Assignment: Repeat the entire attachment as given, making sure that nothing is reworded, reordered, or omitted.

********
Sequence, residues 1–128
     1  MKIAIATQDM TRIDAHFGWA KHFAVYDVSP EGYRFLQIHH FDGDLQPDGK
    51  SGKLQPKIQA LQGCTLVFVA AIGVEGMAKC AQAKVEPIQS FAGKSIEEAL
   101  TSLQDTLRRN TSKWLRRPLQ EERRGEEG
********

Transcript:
Sequence, residues 1–128
     1  MKIAIATQDM TRIDAHFGWA KHFAVYDVSP EGYRFLQIHH FDGDLQPDGK
    51  SGKLQPKIQA LQGCTLVFVA AIGVEGMAKC AQAKVEPIQS FAGKSIEEAL
   101  TSLQDTLRRN TSKWLRRPLQ EERRGEEG